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Ridge Merino Inversion Crew Review

If you want to add a little extra warmth to your winter, the features in this base layer will surely help
Ridge Merino Inversion Crew
Photo: Ridge Merino
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Price:  $90 List
Pros:  Heavier and warmer than most midweight tops, thumb loops, long cut
Cons:  Slow to dry when saturated, questionable durability
Manufacturer:   Ridge Merino
By Aaron Rice ⋅ Review Editor  ⋅  Nov 10, 2020
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68
OVERALL
SCORE


RANKED
#9 of 16
  • Warmth - 25% 8
  • Breathability - 20% 6
  • Comfort and Fit - 20% 8
  • Drying Speed - 10% 3
  • Durability - 15% 6
  • Layering Ability - 10% 8

Our Verdict

Walking the line between heavy- and mid-weight base layer, the Ridge Merino Inversion Crew is guaranteed to provide that extra little bit of warmth we so often seek in the dead of winter. This top is thoughtfully and purposefully designed for the winter sports crowd (in fact, owner/co-founder Jeff Russell headed up D&D for technical outerwear at Armada Skis for a decade.) With features like a raglan construction to keep seams off your shoulders when wearing a pack, thumb loops, and an extra-long cut hem to keep your base layer tucked in and snow out, we cannot wait to get this 100% merino wool layer out in the snow for more testing.

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Pros Heavier and warmer than most midweight tops, thumb loops, long cutTemperature regulation, ultra-cozy, balance of warmth and breathabilitySpectra is the strongest fabric material on the market, lightweight, quick-drying, merino wool-like comfortAffordable, fashionable fit, breathableAffordable, tough and ultralight, thoughtful articulation, UPF protection
Cons Slow to dry when saturated, questionable durabilityExpensive, recommend special laundering, slow to air-dryEasily picks up odor, stiff collar, lack of articulationFiner thread Merino is not quite as warm, slightly itchy, shoulder top seamsIneffective odor control, warm-weather focused
Bottom Line If you want to add a little extra warmth to your winter, the features in this base layer will surely helpThis all-around favorite continues to keep us warm, dry, and comfortable in nearly any situationAn ultralight, breathable base layer that incorporates Spectra fiber to make it the most durable on the marketThis top delivers the fine qualities of a merino wool base layer without the extreme costA versatile, lightweight, and affordable layer that protects from the sun and fights off the chill of early adventure mornings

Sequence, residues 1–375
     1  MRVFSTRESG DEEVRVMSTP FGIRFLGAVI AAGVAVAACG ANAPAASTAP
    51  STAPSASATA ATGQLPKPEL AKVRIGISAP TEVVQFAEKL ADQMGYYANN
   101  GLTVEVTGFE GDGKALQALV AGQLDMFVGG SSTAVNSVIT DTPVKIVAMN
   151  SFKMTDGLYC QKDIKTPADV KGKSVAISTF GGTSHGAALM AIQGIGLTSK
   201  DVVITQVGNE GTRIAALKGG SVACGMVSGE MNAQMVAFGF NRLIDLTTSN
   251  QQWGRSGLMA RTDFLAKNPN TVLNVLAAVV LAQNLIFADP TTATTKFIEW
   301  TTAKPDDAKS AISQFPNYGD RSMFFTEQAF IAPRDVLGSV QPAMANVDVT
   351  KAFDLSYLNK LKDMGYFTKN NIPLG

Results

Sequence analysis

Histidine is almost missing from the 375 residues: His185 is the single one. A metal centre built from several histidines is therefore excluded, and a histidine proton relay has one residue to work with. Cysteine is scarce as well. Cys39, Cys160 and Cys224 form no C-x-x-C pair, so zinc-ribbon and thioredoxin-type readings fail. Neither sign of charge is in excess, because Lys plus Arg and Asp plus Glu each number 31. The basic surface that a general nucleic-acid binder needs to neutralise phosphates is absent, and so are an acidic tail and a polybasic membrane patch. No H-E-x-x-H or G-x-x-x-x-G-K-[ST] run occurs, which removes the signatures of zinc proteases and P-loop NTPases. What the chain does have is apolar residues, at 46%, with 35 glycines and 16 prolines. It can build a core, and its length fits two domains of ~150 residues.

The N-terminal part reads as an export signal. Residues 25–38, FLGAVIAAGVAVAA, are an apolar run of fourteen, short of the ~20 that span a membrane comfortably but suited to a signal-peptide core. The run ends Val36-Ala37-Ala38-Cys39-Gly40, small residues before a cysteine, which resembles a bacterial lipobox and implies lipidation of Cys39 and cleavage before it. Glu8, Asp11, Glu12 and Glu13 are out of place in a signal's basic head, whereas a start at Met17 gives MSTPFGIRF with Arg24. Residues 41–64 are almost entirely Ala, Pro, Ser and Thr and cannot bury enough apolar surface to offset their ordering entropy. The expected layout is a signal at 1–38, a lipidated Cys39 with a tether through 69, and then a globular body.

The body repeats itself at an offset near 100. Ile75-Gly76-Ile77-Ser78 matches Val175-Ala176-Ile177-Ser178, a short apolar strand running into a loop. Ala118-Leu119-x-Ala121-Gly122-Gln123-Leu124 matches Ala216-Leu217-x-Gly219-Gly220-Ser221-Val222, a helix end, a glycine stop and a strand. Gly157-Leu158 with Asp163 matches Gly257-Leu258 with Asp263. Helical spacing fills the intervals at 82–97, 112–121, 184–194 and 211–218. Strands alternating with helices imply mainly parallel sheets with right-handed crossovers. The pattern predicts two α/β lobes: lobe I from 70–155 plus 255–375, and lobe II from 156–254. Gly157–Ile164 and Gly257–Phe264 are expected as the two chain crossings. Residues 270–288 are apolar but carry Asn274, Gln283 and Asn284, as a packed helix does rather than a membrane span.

Rating Categories Ridge Merino Invers... SmartWool Merino 25... NW Alpine Spectra Meriwool Midweight... Outdoor Research Ec...
Warmth (25%)
8.0
9.0
5.0
8.0
5.0
Breathability (20%)
6.0
7.0
9.0
8.0
9.0
Comfort And Fit (20%)
8.0
9.0
8.0
7.0
7.0
Drying Speed (10%)
3.0
5.0
7.0
6.0
8.0
Durability (15%)
6.0
7.0
9.0
7.0
7.0
Layering Ability (10%)
8.0
8.0
8.0
6.0
7.0
Specs Ridge Merino Invers... SmartWool Merino 25... NW Alpine Spectra Meriwool Midweight... Outdoor Research Ec...
Material 100% merino wool 100% merino wool 90% polyester, and 10% Spectra 100% merino wool Airvent 100% polyester
Fabric Weight 270 g/m² 250 g/m² 105 g/m² 250g/m² 108 g/m²
Weight (size M) 11.0 oz 9.3 oz 4.8 oz 9.8 oz 3.4 oz
Types available crew crew, 1/4 zip, hoody crew, short sleeve crew crew, 1/4 zip, hoody
Thumb Loops? Yes No No No No
Air Dry Test (minutes) 70 50 40 45 30
Fit Slim fit Slim fit Slim fit Slim fit Slim fit
Stitching Flatlock and flat seams Flatlock seams Flatlock and flat seams Flatlock and flat seams Flatlock seams
Dryer safe? No No No No Yes
Shoulder top seams? No No Yes Yes No
Drop tail hem? No, but extra long cut No No Yes No

Our Analysis and Test Results

Although we wouldn't quite qualify it as heavyweight top—despite advertising—the 270 g/m², 100% merino wool fabric of the Ridge Merino Inversion certainly adds a little oomph to warmth when compared directly to its competitors. This base layer is designed with winter sports in mind, incorporating thick thumb loops and an extra-long cut to ensure that your base layer doesn't become exposed to the harsh realities of an alpine winter.